(Trinidad Guardian) Embattled Chief Justice Ivor Archie has one final bid to stop the Law Association of T&T (LATT) from resuming its investigation into misconduct allegations levelled against him.
Archie will now have to petition the United Kingdom-based Privy Council after his lawsuit barring the investigation was overturned by three of his Court of Appeal colleagues yesterday.
Presenting submissions after the association scored the major legal victory, lawyer Christopher Hamel-Smith, SC, said LATT had agreed to wait to recall its special general meeting until Archie files his appeal and is granted leave to pursue it.
The meeting, in which the association’s members were expected to discuss the report into the allegations and vote on what action, if any, should be taken, was cancelled after Archie filed the lawsuit in March.
Hamel-Smith also opposed a move by Archie’s lawyer, Ian Benjamin, to stop LATT from allowing two queen’s counsel retained to give advice on the results of the investigation from resuming work.
Benjamin’s request was eventually granted as acting Chief Justice Allan Mendonca and Appellate Judges Peter Jamadar and Nolan Bereaux agreed to put a stay in place.
Archie was not present for the judgement, as he is currently on continued vacation, which he is using to complete a fellowship at the Federal Judicial Centre in Washington, DC. The application for leave to go to the Privy Council was expected to be filed last evening and will be determined by the court next Monday.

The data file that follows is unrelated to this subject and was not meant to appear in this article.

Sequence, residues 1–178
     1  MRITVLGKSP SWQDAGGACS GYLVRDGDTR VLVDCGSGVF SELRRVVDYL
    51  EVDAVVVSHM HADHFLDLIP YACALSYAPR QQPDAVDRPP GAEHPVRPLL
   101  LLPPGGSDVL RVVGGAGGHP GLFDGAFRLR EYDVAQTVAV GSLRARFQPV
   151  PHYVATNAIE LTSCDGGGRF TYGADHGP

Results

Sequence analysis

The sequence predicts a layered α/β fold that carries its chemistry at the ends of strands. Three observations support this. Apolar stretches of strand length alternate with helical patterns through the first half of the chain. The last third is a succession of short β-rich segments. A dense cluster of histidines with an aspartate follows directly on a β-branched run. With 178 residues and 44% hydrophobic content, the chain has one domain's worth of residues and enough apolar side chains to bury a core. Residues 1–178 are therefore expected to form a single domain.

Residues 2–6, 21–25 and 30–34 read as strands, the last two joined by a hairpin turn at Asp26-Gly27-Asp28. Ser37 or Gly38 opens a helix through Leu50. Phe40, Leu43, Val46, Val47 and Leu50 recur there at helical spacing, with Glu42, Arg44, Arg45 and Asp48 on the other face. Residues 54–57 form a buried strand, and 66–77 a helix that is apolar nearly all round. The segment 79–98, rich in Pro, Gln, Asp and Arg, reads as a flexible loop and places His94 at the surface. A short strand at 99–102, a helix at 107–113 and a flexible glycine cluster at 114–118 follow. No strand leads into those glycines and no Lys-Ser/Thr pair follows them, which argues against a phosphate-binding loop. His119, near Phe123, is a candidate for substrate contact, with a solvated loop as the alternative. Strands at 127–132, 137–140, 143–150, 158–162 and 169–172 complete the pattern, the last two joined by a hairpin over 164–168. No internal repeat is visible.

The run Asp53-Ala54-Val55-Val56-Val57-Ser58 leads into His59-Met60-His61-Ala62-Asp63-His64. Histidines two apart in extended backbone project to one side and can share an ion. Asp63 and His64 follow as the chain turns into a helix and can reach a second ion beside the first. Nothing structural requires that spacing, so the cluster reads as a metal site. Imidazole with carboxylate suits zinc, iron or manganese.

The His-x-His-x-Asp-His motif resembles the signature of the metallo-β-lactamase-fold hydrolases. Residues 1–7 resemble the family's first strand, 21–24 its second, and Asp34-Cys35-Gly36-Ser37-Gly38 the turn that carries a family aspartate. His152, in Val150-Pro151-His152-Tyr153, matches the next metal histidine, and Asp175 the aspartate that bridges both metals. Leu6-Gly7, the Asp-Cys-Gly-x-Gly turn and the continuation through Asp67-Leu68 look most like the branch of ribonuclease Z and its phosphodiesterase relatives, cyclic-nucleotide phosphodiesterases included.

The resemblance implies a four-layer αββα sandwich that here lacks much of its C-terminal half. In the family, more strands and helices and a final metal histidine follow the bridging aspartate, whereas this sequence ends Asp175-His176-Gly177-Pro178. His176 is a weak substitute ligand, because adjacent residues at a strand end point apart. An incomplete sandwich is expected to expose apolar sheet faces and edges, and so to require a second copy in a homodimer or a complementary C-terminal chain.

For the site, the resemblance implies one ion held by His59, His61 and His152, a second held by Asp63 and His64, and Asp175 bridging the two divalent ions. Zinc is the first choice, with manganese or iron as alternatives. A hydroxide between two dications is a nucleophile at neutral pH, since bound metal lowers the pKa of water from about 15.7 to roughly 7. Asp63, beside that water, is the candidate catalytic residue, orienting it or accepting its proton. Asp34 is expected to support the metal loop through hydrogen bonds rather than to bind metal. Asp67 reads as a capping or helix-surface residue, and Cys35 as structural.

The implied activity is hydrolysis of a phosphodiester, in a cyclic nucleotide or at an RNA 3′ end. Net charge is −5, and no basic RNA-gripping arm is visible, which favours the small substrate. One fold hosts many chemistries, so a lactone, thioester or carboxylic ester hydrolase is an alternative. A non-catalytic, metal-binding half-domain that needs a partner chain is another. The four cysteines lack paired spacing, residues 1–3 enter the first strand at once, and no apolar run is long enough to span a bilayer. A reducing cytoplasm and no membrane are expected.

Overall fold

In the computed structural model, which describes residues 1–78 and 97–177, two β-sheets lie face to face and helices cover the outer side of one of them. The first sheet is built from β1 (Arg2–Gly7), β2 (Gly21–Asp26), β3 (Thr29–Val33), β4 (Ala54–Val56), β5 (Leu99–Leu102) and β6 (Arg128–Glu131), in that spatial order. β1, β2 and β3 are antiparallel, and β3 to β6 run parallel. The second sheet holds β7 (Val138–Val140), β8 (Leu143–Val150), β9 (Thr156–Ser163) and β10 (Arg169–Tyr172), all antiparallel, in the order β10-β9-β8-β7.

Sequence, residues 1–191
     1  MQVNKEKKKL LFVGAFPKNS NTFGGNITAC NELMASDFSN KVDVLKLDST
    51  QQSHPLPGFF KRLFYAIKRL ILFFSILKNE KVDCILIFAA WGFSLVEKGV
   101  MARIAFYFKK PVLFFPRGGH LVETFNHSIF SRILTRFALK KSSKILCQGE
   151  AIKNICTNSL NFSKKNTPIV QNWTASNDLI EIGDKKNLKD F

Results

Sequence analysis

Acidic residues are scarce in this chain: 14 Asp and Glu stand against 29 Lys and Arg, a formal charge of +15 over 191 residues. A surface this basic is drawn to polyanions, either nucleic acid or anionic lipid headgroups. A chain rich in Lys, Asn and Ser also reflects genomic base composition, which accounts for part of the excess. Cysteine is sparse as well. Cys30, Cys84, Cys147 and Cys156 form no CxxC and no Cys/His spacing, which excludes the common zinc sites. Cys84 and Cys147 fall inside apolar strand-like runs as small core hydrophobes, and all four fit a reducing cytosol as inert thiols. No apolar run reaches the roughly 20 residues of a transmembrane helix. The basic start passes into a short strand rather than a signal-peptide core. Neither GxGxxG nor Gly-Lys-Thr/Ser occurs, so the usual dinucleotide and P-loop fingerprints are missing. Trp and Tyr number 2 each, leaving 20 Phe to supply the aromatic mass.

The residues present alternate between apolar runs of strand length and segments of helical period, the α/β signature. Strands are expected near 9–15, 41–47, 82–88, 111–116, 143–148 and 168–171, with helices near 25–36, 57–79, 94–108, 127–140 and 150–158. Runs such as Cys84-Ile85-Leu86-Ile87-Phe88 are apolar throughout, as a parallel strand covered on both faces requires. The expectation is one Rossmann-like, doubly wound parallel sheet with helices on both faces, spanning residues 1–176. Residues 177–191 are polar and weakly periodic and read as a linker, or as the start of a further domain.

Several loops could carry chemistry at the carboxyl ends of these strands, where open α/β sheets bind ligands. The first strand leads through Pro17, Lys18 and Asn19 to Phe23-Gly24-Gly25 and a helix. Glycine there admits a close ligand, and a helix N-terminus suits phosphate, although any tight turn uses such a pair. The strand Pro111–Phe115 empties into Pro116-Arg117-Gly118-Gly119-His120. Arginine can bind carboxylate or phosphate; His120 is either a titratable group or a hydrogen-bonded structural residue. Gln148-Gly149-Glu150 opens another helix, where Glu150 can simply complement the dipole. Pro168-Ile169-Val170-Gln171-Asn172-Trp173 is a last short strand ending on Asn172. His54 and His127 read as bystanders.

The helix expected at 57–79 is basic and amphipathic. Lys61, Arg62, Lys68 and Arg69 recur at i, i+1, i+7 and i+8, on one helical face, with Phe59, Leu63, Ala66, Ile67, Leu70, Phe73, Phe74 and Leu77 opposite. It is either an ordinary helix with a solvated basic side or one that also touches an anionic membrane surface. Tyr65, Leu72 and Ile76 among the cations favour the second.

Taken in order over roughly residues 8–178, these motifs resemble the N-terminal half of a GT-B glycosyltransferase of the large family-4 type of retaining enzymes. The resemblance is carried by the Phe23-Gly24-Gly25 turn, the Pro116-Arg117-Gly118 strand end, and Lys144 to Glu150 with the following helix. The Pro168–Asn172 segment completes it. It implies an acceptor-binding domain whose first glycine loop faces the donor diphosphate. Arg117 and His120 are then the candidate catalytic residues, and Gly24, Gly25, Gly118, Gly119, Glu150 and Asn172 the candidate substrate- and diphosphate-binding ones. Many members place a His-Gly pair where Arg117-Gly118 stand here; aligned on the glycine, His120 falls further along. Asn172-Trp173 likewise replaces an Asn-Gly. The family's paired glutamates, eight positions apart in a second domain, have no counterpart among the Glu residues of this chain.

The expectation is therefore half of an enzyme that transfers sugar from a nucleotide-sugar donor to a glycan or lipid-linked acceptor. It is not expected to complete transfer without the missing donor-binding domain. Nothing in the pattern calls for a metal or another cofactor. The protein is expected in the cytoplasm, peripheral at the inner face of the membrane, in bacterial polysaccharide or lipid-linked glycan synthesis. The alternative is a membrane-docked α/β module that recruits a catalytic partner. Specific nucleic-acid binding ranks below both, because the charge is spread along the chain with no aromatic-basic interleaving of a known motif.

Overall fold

In an unusual move, all three judges wrote separate judgements in the appeal although they arrived at the same conclusions. In their individual judgements, they all ruled that High Court Judge Nadia Kangaloo was wrong when she granted Archie’s judicial review lawsuit and the corresponding injunction blocking the investigation. They rejected Archie’s contention that the investigation was illegal as Section 137 of the Constitution provides the only method for investigating allegations of misconduct against a CJ or judge.
Under Section 137, the President appoints a tribunal after misconduct allegations against a CJ are referred by the Prime Minister or against a judge by the Judicial and Legal Service Commission (JLSC). The tribunal, which includes a chairman and at least two other members, all with judicial experience in Commonwealth jurisdictions, will investigate and then make recommendations.
While Bereaux admitted that the procedure adopted by the association was similar to the process prescribed under the Constitution, he said this did not invalidate it.
“The fact of imitation of the procedure cannot render the enquiry wrong. But more importantly, the apparent mimicking of the procedure is simply an attempt by the LATT to be fair,” Bereaux said.
Jamadar also questioned whether Archie’s suggestion that an investigation into serious allegations could be initiated by the PM or JLSC without preliminary checks.